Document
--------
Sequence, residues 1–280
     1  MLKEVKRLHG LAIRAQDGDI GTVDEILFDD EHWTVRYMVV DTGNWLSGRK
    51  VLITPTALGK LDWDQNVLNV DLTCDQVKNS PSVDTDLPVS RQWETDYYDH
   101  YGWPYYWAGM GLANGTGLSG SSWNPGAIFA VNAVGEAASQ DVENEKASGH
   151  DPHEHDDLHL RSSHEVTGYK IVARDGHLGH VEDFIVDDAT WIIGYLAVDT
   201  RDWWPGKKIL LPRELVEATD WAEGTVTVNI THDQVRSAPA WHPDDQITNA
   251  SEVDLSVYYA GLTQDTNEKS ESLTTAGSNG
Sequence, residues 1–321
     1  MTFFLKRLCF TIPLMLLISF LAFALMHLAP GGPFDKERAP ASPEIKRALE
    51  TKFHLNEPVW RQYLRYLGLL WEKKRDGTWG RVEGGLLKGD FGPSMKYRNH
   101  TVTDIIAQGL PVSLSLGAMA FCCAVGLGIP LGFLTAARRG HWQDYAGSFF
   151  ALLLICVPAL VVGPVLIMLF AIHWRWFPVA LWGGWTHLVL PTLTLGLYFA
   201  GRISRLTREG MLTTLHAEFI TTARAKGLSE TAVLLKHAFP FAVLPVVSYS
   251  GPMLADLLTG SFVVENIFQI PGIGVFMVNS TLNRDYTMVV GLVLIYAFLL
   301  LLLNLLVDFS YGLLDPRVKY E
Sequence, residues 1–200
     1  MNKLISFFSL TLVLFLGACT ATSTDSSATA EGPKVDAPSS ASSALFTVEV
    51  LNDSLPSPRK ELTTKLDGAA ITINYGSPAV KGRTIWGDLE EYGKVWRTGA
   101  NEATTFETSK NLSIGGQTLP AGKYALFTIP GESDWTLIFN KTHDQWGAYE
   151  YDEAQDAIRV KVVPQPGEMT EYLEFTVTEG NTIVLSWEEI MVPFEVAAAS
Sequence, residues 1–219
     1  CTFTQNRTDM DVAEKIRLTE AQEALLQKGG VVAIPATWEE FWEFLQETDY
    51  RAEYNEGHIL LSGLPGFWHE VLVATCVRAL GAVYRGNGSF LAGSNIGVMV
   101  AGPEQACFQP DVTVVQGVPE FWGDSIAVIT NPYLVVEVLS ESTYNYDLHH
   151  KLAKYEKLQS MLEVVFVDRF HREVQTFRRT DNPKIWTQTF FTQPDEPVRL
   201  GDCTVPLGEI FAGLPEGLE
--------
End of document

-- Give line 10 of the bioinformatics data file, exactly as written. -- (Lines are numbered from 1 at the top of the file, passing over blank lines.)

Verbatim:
    51  TKFHLNEPVW RQYLRYLGLL WEKKRDGTWG RVEGGLLKGD FGPSMKYRNH